John Dixon, independent medical writer and trainer in scientific writing skills, provides a useful tip for medical writers who work in MedComms.

John’s Linkedin page is at https://www.linkedin.com/in/johndixonlmm/

John’s web page is at https://librasciencecomms.co.uk

Note these “bites” are recorded online using the zoom.us platform and hence quality may be affected by variability in internet connectivity and quality of webcams. The tips, however, are always first class!

Recorded 28 May 2019. Produced by NetworkPharma.tv

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Transcript

Hi, I’m John Dixon, a trainer in scientific writing, and here’s a bite that I hope may help you with your writing.

‘Compared to’ or ‘compared with’ [NEXT SLIDE]

Compared to is better used when you wish to note similarities between two things, for instance using a simile:
For example: A computer can be compared to a filing cabinet. [NEXT]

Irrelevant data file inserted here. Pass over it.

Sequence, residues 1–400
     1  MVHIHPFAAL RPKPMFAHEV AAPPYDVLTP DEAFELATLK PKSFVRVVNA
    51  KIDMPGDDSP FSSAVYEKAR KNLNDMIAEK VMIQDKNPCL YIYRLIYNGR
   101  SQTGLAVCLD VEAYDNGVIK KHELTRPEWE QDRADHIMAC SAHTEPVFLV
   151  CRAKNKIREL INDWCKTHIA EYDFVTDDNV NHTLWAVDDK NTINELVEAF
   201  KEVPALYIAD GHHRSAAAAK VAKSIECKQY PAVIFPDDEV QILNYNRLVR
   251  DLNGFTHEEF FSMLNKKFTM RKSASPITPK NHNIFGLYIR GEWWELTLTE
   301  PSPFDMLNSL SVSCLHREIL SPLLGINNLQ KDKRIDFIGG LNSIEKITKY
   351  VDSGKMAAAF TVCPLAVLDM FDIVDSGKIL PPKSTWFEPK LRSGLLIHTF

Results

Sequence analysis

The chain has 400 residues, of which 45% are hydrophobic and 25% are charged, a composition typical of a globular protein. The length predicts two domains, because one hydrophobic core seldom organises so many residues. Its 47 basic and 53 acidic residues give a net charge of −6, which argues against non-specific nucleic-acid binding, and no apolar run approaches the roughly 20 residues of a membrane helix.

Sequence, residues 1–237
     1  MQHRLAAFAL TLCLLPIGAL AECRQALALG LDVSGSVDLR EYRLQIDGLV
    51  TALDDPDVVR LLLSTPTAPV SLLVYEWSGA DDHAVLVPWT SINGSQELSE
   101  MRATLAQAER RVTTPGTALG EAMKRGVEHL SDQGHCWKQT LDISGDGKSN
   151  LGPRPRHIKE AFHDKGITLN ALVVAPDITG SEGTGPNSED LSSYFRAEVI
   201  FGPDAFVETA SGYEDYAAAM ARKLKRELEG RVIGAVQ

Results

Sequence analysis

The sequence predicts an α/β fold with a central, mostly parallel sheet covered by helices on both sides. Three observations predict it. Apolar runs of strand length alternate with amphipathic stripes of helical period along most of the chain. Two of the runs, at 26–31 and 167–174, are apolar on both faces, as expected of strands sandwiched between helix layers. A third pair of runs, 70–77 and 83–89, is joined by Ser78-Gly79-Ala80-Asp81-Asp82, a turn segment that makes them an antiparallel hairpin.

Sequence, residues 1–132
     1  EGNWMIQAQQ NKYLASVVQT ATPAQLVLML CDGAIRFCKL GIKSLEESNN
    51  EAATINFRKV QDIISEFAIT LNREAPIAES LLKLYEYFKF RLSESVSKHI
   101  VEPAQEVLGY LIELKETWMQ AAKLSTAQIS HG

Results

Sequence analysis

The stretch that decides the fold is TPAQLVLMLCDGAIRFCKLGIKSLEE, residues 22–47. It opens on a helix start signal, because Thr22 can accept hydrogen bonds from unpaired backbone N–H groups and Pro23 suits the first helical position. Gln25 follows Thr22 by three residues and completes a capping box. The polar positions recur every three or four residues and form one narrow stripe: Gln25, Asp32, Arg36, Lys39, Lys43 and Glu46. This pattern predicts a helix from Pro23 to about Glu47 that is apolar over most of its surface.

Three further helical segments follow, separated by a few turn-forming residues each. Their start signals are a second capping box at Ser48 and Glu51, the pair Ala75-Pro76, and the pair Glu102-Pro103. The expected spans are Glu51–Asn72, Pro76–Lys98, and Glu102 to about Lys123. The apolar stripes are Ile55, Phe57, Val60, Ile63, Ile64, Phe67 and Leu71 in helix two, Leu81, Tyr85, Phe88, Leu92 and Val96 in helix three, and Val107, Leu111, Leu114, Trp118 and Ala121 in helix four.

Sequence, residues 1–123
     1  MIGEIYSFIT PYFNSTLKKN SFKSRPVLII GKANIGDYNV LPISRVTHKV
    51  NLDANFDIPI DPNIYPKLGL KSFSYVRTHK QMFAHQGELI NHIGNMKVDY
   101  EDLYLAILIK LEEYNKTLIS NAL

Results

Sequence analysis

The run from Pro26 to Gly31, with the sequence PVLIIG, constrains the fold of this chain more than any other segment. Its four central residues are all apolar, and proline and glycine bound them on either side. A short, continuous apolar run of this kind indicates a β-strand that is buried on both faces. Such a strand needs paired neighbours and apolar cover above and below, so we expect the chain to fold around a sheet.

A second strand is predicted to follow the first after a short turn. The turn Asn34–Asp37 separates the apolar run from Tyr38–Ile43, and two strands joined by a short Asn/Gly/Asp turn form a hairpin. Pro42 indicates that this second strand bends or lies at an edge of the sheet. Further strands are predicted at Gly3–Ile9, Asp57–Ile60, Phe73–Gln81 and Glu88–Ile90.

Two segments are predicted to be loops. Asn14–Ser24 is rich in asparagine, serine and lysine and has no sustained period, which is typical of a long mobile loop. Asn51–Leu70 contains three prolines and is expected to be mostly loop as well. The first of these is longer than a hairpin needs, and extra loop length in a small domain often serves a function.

Compared with is usually used when the difference between two things is more important than the similarities. In biomedical science, we’re often comparing two items to note any differences between them – drugs, enzymes, equipment …

So: Compared with drug X, drug Y is more effective in improving 5-year survival in patients with disease Z. [NEXT SLIDE]

However, the difference can be quite subtle…

Take the statement: Compared with drug X, drug Y is associated with a greater increase in serum creatinine.
i.e. there is a difference between the two. [NEXT]

But compare this with the statement: Compared to drug X, drug Y is also associated with raised serum creatinine.
In this case, these drugs have something in common and ‘compared ‘to’ is more appropriate. [NEXT]

Well, I hope that’s helpful. For more bites, visit NetworkPharma.tv

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